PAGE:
Kopp Confesses to Killing Dr. Slepian, Claims He Only Meant to Wound
In an article released today, anti-abortion extremist James Charles Kopp admitted in a November 12 interview that he killed obstetrician/gynecologist Barnett Slepian in his Amherst, New York, home in 1998. Alongside his lawyer, Bruce Barket, Kopp completed a four-hour interview with two reporters from The Buffalo News in which he described the year he spent planning to “wound” the abortion provider at home as well as the shooting itself. Kopp expressed no regret for the shooting of Dr. Slepian, though he claimed he only meant to wound the doctor to prevent him from performing any abortions, according to the News. He told the News that he was making a confession because he wanted his supporters to know that he was not framed for the murder, a claim made by many anti-abortion groups, most prominently by Life Dynamics.
“James Kopp’s confession to the assassination of Dr. Barnett Slepian is an enormous relief to the pro-choice community but it is only a first step,” stated Feminist Majority Foundation President Eleanor Smeal. “The evidence against him was overwhelming, and law enforcement, both local and federal, as well as the Buffalo News, have performed admirably in this case. What is necessary now is that law enforcement track down those who aided and abetted Kopp during his reign of terror and during the two-and-a-half years he spent as a fugitive”
Two of those who allegedly assisted Kopp while he was a fugitive, Loretta Marra and Dennis Malvasi, were arrested by federal authorities shortly after Kopp’s capture. Federal prosecutors, however, have reduced the charges against Marra and Malvasi in an effort to avoid trying the pair prior to Kopp’s trial. According to the prosecutors, trying Marra and Malvasi could imperil the Kopp prosecution. “With Kopp’s confession,” Smeal stated, “Marra and Malvasi certainly should not now receive a plea deal from the federal authorities and should be prosecuted to the fullest extent of the law to help shut down this terrorist network.”
Kopp is scheduled to go on trial for the murder next year in Erie County Court in Buffalo, New York. In the interview, Kopp expressed hope that a jury would acquit him because of his intention only to wound Dr. Slepian in an effort to “save children.” Kopp is also suspected to be the “Remembrance Day sniper” who shot and wounded four abortion providers in the Canada/upstate New York area within four years of Slepian’s murder. All of the shootings, including the fatal shooting of Slepian, occurred around Canada’s Remembrance Day (Veteran’s Day in the United States).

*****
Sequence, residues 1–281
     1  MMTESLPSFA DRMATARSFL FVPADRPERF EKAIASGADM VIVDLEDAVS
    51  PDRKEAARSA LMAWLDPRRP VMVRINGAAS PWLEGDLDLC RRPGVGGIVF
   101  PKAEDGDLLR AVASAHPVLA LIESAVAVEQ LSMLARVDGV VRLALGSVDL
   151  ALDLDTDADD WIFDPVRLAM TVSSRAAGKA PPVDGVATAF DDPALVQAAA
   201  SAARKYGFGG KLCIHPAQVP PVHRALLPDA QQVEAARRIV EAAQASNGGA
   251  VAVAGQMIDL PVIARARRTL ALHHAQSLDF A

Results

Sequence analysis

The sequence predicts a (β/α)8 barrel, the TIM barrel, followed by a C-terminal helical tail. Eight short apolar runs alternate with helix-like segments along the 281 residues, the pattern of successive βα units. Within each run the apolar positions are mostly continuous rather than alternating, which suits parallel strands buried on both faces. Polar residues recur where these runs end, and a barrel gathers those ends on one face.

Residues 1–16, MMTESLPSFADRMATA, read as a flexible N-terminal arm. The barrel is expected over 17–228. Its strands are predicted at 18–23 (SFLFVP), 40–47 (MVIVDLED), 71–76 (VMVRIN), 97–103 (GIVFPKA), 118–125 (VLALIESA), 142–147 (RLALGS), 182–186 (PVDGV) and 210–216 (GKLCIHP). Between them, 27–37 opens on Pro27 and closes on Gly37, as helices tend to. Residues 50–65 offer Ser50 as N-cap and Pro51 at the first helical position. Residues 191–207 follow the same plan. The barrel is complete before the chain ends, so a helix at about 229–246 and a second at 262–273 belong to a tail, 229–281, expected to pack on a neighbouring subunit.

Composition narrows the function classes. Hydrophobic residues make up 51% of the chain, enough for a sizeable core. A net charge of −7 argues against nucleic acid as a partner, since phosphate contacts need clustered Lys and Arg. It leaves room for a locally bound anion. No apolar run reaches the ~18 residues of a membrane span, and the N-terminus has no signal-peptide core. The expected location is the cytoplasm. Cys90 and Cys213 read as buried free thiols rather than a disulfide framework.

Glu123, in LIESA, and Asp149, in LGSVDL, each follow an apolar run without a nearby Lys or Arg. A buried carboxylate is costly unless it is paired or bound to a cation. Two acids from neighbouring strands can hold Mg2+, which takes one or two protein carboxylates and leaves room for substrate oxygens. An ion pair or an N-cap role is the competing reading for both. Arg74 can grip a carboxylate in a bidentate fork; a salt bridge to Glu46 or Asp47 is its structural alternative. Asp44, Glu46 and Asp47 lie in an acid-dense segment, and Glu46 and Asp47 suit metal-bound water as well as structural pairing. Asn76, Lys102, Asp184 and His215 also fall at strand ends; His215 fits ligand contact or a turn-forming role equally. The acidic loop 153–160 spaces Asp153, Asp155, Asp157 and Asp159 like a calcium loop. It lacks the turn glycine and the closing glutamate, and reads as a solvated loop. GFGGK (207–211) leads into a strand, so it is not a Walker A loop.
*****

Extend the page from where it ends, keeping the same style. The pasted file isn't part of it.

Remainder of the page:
When Kopp was asked if he would shoot other doctors if he were acquitted and released, he told the News, “I would do something.” He would not explain what he meant by that. However, he did warn that other abortion providers are in danger from extremists in the anti-abortion movement who might follow his lead. He told the News, “I’m not the first, and I probably won’t be the last.” A statement by anti-abortion extremist Michael Bray, a convicted clinic bomber who advocates the use of violence against abortion providers, that appeared on the “Army of God” website dated Nov. 13 read, “[O]f course Atomic Dog (Kopp’s Army of God moniker) shot Abortionist Barnett Slepian … It was a good deed that brought peace for many innocents through the death of a wicked serial killer.” Bray also alluded to a network of anti-abortion supporters who aided Kopp while he was on the run from authorities.
8/28/2015 Alaska Court Protects Abortion Access for Low-Income Women - The Alaska Superior Court struck down a state law yesterday that would have severely limited abortion access for low-income women in Alaska.
The state's Superior Court also struck down a Department of Health and Social Services regulation that placed narrow specifications on Medicaid coverage for abortions, requiring that Medicaid-funded abortions be determined by a physician to be "medically necessary." Last year, the Center for Reproductive Rights, the American Civil Liberties Union, and Planned Parenthood sued on behalf of the Planned Parenthood of the Great Northwest, claiming that the narrow definition of "medically necessary" arbitrarily established conditions designed to restrict the ability of low-income women to access abortion services.
The law was temporarily blocked last July by an Alaskan state court judge.
Superior Court Judge John Suddock ordered yesterday that the state be blocked from implementing this regulation, ruling that it placed an undue burden on low-income women seeking abortion services in Alaska.
"By providing health care to all poor Alaskans except women who need abortions, the challenged regulation violates the state constitutional guarantee of 'equal rights, opportunities, and protection under the law'," the ruling read.
"We applaud the superior court for striing down these cruel restrictions on women's health and rights that violate the Alaska Constitution," said Chris Charbonneau, CEO of Planned Parenthood of the Great Northwest and the Hawaiian Islands. . . .
8/26/2015 Saudi Women Prepare to Vote for the First Time - The fight for gender equality is making slow but notable progress in Saudi Arabia, where women will be allowed to vote for the first time in upcoming December elections.
This shift in Saudi law came in 2011, when a royal decree announced that women would be allowed to vote and run in local elections beginning in December of 2015. . . .